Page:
It might have been a great piece, but Tavernise has written it in the style of – in the voice of, actually – a twelve-year-old. Here is the opening:
BALTIMORE — As soon as I heard Davetta Parker’s voice, I knew I had to meet her. Her grandson, Nook, was one of seven young people from one high school killed in the spasm of violence that swept the city in the two years after the 2015 death of Freddie Gray. I had cold-called her from New York. When she picked up, she was sitting at her desk in the Baltimore Public Library where she works.
The main subject of this introductory paragraph is “I,” the reporter. The first sentence is an uncalled-for personal sentiment. Or does it mean something like “as soon as I heard Davetta Parker’s voice, I knew she would be a great source?” Either way, it is an expression of the kind of charming narcissism which usually is found in the columns of a Junior High School newspaper. It does not belong in The Times.
Here are the next two paragraphs:
I introduced myself. She said, “I think God sent you to me.”
She said she had so many questions about her grandson’s death and she needed someone to help investigate, because the police never did. She said she had written letters to news channels and newspapers. But no one had written back. And there I was on the phone.
Tavernise’s depiction of Parker’s reaction to her is well-put and informative. However, the first sentence and the last make clear that once again Tavernise, in the role of eager young reporter, has made herself the subject. Like a twelve-year-old journalist, Tavernise thinks that the reader will be interested in what she does – introducing herself, for example – and in how heroic she felt as the source of hope for someone.
One paragraph would suffice:
“I think God sent you to me.” She said she had so many questions about her grandson’s death and she needed someone to help investigate, because the police never did. She said she had written letters to news channels and newspapers. But no one had written back.
The next paragraph:
My colleague Lynsea Garrison and I spent four months investigating Nook’s death for The New York Times podcast, The Daily. We were drawn to his story because we wanted to understand the violence in Baltimore. Nook, whose given name was Lavar Montray Douglas, was shot on Dec. 13, 2016, by a police officer in an unmarked car who worked for Coppin State University. But the more we looked, the more we discovered that the story of Nook and his family reflected the broader experience of many African-Americans in the 20th century.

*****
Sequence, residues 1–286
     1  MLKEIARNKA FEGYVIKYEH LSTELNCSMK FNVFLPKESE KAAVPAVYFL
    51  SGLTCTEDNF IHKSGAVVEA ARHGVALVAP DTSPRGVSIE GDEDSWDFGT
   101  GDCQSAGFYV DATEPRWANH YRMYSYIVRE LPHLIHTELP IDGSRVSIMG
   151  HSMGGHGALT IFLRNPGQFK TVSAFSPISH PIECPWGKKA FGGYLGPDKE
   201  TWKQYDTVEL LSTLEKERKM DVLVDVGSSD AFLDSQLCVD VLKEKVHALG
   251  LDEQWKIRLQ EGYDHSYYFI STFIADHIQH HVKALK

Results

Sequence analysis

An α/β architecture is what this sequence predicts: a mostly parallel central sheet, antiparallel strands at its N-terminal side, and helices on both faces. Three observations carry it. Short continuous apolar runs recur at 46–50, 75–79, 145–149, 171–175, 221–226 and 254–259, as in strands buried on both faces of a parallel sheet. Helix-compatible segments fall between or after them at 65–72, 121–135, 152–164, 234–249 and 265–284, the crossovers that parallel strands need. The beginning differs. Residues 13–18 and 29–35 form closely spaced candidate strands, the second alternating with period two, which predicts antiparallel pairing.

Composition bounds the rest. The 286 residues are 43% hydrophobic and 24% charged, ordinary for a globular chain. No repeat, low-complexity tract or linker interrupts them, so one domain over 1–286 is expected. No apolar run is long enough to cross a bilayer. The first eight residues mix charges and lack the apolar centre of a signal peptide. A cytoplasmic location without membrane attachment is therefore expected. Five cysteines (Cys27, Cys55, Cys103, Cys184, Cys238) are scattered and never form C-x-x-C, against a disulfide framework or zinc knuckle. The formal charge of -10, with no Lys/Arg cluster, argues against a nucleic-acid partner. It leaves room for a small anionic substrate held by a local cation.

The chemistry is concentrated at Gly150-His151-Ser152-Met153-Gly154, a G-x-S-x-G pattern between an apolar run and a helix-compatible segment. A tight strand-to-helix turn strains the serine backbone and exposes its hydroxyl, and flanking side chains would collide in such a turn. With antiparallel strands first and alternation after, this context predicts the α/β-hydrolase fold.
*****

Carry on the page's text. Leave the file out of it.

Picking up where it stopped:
How much time was spent researching a story is germane, and often is tucked into it with a phrase such as, “after a four-month investigation...” Again, Tavernise makes herself and her colleague important personages, who “spent four months investigating,” who “looked,” who “discovered.”
And what is the point of the following?
We were drawn to his story because we wanted to understand the violence in Baltimore.
The reader assumes either that that was the case or that they were assigned the story and became interested later. Either way, who cares? Tavernise evidently thinks the reader cares, and we’re back at the Junior High School news desk.
Let me reiterate that, childish writing style aside, Tavernise’s article is a worthy one.
But take a look at this:
Nook died in the sharpest rise in homicides in the city in 25 years. When I first started reporting, I imagined this as random violence. But homicides in Baltimore are pretty tightly contained to the circle of people involved in drug crime. Here’s an amazing fact: The average number of arrests that homicide victims had in Baltimore last year was 11.
Tavernise presents an important fact, meaningful, well-expressed – but bracketed by silliness.
When I first started reporting, I imagined this as random violence.
That “I” again. No. It could have gone something like this:
Homicides in Baltimore are not acts of random violence, but are pretty tightly contained to the circle of people involved in drug crime.
And then – and this takes the cake!
Here’s an amazing fact.
“Here’s an amazing fact?” OMG, Sabrina, that is not only amazing, it’s awesome!
What might have made the fact “amazing,” as unique, or even more “amazing” as not unique, would have been figures from some other cities of arrests-per-homicide-victim.
What’s most amazing is that an editor passed on this cascade of juvenile lapses. Had Tavernise’s editor assumed the avuncular role of a Junior High newspaper’s indulgent faculty advisor? Or was he or she also, at heart, another twelve-year-old playing “Newspaper?” Or, creepiest of all, was Tavernise’s childish style condoned because someone thought it might lure a younger readership to The Times?
Especially egregious is that Tavernise’s breezy, jejune interjections trivialize the subject matter of “A Teen’s Death in Baltimore and a Family’s Search for Answers” – which is not food or dating or fashion, but murder.